Joslyn Young


Joslyn Young worked with Research for Action to examine adolescent literacy practices in two area after-school programs where youth gain social literacy skills to become confident writers, readers and producers of media texts.  Her goal was to understand how these youth can apply their social literacy expertise to in-school academic literacy.

Nationwide, and in the Philadelphia area, adolescents are underperforming on school literacy  assessments.  By 11th grade, only 11 percent of Chester-Upland School District students and 37 percent of Philadelphia School District students score proficient in reading on required state tests.   Advocates for low income and minority urban youth identify improving adolescent literacy as both an educational and social necessity because students must be academically literate to graduate high school and socially literate to participate in civic life.  While students engage in social literacy much of the time, educators are struggling with how to (re)engage adolescents in academic literacy.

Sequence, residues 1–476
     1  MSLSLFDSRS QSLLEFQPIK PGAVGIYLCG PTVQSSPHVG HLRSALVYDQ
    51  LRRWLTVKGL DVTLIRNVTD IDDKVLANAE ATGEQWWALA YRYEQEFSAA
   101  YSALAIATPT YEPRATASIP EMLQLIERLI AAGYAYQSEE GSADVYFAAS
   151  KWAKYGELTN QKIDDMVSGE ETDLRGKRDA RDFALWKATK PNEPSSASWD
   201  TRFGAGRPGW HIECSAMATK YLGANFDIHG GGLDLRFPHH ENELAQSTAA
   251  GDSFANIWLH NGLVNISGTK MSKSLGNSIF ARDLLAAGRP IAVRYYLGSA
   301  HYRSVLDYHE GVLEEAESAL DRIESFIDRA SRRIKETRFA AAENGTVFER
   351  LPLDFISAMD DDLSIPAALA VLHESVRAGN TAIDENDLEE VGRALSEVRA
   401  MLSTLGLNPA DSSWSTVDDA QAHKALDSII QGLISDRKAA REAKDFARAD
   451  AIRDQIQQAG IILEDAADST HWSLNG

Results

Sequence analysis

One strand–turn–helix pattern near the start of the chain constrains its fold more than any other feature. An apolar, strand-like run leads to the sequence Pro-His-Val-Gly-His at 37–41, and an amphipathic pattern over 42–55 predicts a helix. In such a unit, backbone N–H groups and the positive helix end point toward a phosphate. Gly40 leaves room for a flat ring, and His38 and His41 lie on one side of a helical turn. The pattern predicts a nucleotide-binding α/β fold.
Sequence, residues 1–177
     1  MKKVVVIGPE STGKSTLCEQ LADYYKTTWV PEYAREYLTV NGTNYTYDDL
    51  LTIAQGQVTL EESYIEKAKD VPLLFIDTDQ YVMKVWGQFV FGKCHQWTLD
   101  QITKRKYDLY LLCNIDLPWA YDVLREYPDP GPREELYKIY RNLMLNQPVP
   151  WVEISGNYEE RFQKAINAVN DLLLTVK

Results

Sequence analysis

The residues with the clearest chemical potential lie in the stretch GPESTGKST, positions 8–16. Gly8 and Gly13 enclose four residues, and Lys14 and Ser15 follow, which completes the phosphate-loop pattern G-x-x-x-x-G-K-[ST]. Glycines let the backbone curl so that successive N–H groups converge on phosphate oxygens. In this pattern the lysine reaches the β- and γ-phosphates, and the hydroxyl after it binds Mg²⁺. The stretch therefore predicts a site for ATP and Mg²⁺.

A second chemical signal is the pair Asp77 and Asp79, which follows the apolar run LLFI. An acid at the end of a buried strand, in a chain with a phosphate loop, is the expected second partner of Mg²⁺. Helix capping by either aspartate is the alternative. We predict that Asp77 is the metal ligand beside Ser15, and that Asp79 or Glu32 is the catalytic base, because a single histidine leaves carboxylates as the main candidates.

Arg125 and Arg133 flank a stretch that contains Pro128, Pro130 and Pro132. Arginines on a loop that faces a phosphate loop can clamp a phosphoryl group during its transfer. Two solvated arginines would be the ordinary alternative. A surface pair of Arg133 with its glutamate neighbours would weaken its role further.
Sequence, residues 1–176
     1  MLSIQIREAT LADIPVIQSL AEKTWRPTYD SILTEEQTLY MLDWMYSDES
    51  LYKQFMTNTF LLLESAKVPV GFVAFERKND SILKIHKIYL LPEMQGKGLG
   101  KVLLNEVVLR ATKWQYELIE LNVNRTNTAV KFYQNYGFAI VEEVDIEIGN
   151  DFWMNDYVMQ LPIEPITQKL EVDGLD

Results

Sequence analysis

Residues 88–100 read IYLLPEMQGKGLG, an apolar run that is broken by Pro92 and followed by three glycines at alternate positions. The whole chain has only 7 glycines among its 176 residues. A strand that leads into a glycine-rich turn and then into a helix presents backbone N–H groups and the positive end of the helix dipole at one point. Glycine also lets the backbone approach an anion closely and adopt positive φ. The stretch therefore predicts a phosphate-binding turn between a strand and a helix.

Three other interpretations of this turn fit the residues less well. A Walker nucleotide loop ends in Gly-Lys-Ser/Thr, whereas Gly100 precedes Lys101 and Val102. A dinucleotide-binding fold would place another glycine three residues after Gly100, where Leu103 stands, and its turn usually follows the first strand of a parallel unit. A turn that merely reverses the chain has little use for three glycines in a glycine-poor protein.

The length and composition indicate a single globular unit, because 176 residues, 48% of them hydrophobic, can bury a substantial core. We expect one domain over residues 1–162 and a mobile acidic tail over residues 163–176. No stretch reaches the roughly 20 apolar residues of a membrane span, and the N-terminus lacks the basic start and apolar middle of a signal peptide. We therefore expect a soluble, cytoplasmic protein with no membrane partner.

By investigating the out-of-school settings in which youth are motivated to engage in social literacy activities, Joslyn and RFA identified elements of these programs that might be transferable to academic settings.  The project focused on two sites: Chester Voices for Change and the Philadelphia Student Union. 

Joslyn received a Bachelor of Arts from Swarthmore College in 2010 with major in Educational Studies and Sociology. She is one of only six students in 2010 to receive the Swarthmore Lang Opportunity Scholar award and has an array of experience directly related to youth literacy.  She developed Chester Voices for Change (one of the two project sites), and led a six week long youth media program in which teens fully produced a short film about local issues in Chester.  In 2008, she was a Youth Media Intern at WHYY, Chinatown Youth Radio Philadelphia and worked with the Chester Police Activities League.